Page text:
End of an Era at Balls Park

Susan Payne

Balls Park house
Hertfordshire Archives and Local Studies
From the Wallace Collection, copy of the bureau du Roi, 1760-69. Creative Commons BY-NC-ND 4.0 (https://creativecommons.org/licenses/by-nc-nd/4.0/)
Trustees of the Wallace Collection
Bronzino. The Madonna and Child with Saints. Creative Commons BY-NC-ND 4.0 (https://creativecommons.org/licenses/by-nc-nd/4.0/)
National Gallery

Balls Park

In the summer of 1941, Christie’s announced in the Times an auction of house contents to be held in Hertford. Sir Lionel Faudel-Phillips had died earlier in the year and his house, Balls Park and grounds were requisitioned by Hertford Borough Council under war-time regulations. This left the house contents to be sold off.

The estate called Balls Park was originally part of the lands owned by the Hertford Priory. It passed into private ownership during Tudor times and, by the 17th Century, to John Harrison, who built the existing house. The Harrisons held the property until a marriage into the Townshend family saw the estate pass to them in the mid-18th Century.

By the 1880s, a turn in fortunes led the Townshend’s to rent out the house to Sir George Faudel-Phillips, a wealthy London businessman. In 1901, he brought the property outright and the family carried out work on the house and grounds. Sir George was succeeded by his elder son, Benjamin, and then his brother Lionel.

House contents sale

Two years into World War Two, Sir Lionel died leaving no male heir. With the park grounds being requisitioned, the house contents needed to be sold. Over five days in September the auction was held in the house. An annotated sales catalogue (which can be seen at HALS ref. D/EX958/Z1) reveals how Balls Park mansion would have looked in Sir Lionel’s time.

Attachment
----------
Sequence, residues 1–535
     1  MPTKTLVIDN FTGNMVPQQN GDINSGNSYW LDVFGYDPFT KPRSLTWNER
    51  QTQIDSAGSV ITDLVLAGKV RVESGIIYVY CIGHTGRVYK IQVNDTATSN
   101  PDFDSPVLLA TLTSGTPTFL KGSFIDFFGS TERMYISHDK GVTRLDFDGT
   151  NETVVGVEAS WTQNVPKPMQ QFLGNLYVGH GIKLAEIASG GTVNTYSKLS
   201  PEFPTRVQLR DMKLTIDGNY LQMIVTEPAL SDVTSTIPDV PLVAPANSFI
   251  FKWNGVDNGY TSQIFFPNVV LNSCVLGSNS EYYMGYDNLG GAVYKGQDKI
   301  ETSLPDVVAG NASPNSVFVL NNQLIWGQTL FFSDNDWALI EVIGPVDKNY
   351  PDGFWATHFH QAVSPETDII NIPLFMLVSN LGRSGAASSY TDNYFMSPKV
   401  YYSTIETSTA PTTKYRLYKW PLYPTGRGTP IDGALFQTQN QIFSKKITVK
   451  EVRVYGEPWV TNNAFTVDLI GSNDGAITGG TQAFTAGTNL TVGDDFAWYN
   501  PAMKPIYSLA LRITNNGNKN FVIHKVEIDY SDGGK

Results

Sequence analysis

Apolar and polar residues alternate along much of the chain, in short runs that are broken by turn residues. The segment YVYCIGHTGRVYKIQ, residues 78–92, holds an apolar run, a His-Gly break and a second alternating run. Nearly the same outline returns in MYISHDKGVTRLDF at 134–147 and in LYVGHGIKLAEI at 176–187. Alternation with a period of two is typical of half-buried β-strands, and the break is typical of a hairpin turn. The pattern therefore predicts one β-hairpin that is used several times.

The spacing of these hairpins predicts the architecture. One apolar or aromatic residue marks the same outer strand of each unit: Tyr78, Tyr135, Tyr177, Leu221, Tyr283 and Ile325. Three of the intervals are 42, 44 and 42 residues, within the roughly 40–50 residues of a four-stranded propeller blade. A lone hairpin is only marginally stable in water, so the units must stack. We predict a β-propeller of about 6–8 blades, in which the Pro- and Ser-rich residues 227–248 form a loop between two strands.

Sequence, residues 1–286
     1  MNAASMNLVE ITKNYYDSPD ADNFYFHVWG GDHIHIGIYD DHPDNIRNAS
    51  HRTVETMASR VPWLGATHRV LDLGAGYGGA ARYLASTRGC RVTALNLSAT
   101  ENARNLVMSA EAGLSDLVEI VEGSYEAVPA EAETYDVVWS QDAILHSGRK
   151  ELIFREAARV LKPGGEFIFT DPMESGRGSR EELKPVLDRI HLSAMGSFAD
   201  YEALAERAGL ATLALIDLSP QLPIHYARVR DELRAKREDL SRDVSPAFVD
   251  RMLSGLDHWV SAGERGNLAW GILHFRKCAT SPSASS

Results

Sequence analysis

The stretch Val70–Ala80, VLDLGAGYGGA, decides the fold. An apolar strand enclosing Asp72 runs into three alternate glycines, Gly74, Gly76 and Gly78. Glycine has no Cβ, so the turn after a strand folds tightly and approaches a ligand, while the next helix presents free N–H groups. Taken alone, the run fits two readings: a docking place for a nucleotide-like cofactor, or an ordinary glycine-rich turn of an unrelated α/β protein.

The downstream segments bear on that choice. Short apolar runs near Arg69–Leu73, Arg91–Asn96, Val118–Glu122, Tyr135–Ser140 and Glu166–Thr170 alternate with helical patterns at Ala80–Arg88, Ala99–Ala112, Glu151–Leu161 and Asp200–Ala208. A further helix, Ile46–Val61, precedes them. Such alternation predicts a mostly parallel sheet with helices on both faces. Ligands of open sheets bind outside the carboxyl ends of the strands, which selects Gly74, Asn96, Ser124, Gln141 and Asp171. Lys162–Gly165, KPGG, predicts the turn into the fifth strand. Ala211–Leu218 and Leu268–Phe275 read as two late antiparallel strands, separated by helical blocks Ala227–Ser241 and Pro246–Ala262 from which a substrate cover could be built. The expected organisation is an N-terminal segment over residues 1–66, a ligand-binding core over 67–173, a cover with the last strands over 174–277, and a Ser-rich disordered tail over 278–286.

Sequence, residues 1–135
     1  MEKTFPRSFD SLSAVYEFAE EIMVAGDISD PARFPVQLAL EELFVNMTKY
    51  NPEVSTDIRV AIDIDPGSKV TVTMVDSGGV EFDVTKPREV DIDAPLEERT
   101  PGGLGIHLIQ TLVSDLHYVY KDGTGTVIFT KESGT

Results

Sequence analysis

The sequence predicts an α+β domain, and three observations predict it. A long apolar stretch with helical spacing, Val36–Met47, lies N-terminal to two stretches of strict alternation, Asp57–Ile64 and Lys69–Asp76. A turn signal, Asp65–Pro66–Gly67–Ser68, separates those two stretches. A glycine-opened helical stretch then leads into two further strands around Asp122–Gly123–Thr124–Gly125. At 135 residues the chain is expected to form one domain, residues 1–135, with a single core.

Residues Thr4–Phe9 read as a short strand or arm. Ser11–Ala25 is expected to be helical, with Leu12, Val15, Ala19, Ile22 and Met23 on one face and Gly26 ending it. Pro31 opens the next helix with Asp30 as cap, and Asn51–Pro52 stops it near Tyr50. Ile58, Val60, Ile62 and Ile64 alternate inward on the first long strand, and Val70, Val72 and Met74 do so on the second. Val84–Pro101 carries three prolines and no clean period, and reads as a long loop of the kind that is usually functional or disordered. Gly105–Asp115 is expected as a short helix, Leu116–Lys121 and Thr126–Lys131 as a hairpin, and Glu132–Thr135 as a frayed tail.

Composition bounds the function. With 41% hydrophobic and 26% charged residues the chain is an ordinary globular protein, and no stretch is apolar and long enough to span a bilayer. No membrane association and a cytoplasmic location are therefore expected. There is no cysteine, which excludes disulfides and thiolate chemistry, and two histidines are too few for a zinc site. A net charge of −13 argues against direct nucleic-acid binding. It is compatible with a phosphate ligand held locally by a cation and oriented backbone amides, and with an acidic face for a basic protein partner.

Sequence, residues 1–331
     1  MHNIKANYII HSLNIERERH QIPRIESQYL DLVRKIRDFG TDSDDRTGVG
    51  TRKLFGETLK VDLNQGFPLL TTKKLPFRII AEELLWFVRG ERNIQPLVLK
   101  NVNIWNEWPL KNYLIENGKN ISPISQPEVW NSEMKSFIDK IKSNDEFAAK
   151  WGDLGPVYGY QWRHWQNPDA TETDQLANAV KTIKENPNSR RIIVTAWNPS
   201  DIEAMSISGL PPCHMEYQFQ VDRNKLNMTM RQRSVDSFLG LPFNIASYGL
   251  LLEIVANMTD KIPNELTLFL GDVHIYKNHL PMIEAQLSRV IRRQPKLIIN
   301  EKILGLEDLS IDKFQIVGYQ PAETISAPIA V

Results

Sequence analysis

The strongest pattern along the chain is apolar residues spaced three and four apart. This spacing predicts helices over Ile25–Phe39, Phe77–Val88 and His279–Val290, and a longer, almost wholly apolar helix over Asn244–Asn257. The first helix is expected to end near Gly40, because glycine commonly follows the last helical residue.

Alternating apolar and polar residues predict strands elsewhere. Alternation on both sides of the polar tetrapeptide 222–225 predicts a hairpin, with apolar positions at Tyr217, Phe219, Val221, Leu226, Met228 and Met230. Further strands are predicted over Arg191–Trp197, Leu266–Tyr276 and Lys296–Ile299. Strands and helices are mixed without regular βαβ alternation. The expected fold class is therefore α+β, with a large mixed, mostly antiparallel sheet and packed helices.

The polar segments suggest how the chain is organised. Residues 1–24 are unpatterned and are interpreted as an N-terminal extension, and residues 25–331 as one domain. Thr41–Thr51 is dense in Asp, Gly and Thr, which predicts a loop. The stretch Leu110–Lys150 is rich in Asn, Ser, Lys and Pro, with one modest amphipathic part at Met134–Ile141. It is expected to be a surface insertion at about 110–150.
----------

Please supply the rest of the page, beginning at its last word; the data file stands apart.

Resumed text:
China

Sir Lionel and his wife Armyne enjoyed entertaining large house parties. This was reflected in the lot consisting of a Worcester dinner service including 2 soup tureens, covers and stands; 4 sauce tureens, 6 pie dishes, 20 meat dishes, 57 dinner plates and 24 soup plates (brought for 78 guineas).

There was a Worcester dessert services painted with birds and fruit over 36 pieces, sold for 130 guineas. As well as Davenport tea services, fluted and guilded with a honeysuckle design on 67 pieces, going for 98 guineas.

The single costliest lot was a bureau, in the French-style (similar to that pictured from the Wallace Collection), which was brought for 340 guineas. Other pieces of furniture included 6 mahogany chairs and 2 armchairs in Chippendale design.

Paintings

Sir Lionel’s painting collection was already missing two Italian Renaissance works: one by a follower of Dossi (“A Bacchanal” NG5279) and a Bronzino (“The Madaonna and Child” NG5280, pictured), which he had bequeathed to the National Gallery. This still left a number of works to be sold, including portraits, religious and genre pictures by Lely, Barbieri and Schenau (sold for 86, 160 and 135 guineas, respectively).

The last day of the sale saw household items from all parts of the house come under the hammer. Two eiderdowns, one red and one green, sold for 3.5 guineas. A set of silversmith’s scales in their case for 4 guineas. Ten saucepans with covers, 5.5 guineas. The final item in the catalogue was a ‘Hoover’ electric sweeper with sundry brooms and brushes, sold for 19 guineas.

Over the five days, 1,065 lots were sold for about £11,000, which equated to the wages of a skilled tradesman over 25 years.

Following the sale, the mansion became a home for disabled children evacuated from London. From the end of the war Balls Park became a teacher training college, then part of the University of Hertfordshire. More recently the mansion was redeveloped and returned to residential use.

This page was added on 17/07/2022.

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